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When there was a rumour of war with France a while ago, I met a poor
Sligo woman, a soldier's widow, that I know, and I read her a sentence
out of a letter I had just had from London: "The people here are mad
for war, but France seems inclined to take things peacefully," or some
like sentence. Her mind ran a good deal on war, which she imagined
partly from what she had heard from soldiers, and partly from tradition
of the rebellion of '98, but the word London doubled her interest, for
she knew there were a great many people in London, and she herself had
once lived in "a congested district." "There are too many over one
another in London. They are getting tired of the world. It is killed
they want to be. It will be no matter; but sure the French want nothing
but peace and quietness. The people here don't mind the war coming.
They could not be worse than they are. They may as well die soldierly
before God. Sure they will get quarters in heaven." Then she began to
say that it would be a hard thing to see children tossed about on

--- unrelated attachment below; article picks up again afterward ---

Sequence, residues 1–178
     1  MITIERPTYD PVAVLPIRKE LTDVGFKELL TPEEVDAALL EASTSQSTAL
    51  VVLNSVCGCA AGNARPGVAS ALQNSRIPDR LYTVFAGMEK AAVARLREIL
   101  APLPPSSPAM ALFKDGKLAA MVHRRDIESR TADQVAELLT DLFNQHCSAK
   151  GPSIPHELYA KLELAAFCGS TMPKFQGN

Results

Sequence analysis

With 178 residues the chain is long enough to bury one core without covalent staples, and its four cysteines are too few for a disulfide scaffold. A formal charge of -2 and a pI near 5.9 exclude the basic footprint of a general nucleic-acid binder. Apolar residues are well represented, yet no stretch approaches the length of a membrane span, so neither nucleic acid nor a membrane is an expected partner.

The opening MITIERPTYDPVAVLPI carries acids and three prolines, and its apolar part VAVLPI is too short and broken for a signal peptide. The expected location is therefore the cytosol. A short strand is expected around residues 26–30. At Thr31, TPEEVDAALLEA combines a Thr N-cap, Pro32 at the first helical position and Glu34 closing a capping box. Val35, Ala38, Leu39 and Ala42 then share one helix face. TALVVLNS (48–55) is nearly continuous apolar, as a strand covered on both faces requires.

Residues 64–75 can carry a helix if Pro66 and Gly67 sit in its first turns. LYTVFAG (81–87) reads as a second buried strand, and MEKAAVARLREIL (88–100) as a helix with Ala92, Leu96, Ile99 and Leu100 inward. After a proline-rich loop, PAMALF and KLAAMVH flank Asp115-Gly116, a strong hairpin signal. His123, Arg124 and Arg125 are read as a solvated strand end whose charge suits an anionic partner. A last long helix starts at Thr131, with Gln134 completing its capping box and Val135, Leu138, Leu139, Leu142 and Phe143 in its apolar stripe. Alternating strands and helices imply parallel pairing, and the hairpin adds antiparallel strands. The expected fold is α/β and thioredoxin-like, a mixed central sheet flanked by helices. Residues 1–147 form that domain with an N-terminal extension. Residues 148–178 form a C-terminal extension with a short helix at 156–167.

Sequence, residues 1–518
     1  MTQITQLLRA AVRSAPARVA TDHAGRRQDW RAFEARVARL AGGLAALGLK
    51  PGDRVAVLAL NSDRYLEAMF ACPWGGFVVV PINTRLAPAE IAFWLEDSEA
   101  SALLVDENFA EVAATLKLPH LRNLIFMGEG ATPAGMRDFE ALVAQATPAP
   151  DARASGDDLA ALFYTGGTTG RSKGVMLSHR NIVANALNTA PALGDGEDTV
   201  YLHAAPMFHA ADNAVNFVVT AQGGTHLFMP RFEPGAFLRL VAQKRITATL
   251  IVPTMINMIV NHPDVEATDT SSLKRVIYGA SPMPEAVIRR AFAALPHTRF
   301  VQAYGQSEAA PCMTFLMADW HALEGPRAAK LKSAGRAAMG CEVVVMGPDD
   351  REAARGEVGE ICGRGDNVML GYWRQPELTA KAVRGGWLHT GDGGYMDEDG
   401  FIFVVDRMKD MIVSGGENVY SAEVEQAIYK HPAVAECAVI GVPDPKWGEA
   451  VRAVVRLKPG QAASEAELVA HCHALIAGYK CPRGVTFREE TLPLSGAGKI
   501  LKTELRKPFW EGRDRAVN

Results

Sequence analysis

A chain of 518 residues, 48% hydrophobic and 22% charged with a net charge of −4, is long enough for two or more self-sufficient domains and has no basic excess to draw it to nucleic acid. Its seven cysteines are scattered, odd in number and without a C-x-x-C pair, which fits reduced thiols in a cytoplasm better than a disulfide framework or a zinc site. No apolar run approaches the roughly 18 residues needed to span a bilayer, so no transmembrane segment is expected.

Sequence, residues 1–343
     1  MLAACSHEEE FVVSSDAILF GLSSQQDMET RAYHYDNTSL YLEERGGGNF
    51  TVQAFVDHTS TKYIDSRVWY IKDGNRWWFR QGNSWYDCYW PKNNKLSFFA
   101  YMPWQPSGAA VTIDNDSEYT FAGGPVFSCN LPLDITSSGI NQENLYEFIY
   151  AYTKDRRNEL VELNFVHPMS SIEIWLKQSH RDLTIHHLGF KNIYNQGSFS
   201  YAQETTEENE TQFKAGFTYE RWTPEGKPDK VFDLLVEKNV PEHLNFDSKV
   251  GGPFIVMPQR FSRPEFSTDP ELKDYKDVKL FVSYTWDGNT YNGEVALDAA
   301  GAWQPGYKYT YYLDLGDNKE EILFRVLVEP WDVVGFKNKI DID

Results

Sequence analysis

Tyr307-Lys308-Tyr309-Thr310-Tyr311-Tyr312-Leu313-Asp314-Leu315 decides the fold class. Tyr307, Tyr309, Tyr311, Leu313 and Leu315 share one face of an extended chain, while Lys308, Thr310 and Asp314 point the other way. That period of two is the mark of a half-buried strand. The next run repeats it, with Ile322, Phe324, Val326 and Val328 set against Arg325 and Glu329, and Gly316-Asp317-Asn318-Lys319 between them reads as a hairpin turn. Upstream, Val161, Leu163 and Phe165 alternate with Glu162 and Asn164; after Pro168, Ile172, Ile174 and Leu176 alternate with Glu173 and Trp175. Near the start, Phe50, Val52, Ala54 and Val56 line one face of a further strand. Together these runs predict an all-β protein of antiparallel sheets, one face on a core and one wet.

bayonets, and I knew her mind was running on traditions of the great
rebellion. She said presently, "I never knew a man that was in a battle
that liked to speak of it after. They'd sooner be throwing hay down
from a hayrick." She told me how she and her neighbours used to be
sitting over the fire when she was a girl, talking of the war that was
coming, and now she was afraid it was coming again, for she had dreamed
that all the bay was "stranded and covered with seaweed." I asked her
if it was in the Fenian times that she had been so much afraid of war
coming. But she cried out, "Never had I such fun and pleasure as in the
Fenian times. I was in a house where some of the officers used to be
staying, and in the daytime I would be walking after the soldiers'
band, and at night I'd be going down to the end of the garden watching
a soldier, with his red coat on him, drilling the Fenians in the field
behind the house. One night the boys tied the liver of an old horse,
that had been dead three weeks, to the knocker, and I found it when I
opened the door in the morning." And presently our talk of war shifted,
as it had a way of doing, to the battle of the Black Pig, which seems
to her a battle between Ireland and England, but to me an Armageddon
which shall quench all things in the Ancestral Darkness again, and from
this to sayings about war and vengeance. "Do you know," she said, "what
the curse of the Four Fathers is? They put the man-child on the spear,
and somebody said to them, 'You will be cursed in the fourth generation
after you,' and that is why disease or anything always comes in the
fourth generation."


William Butler Yeats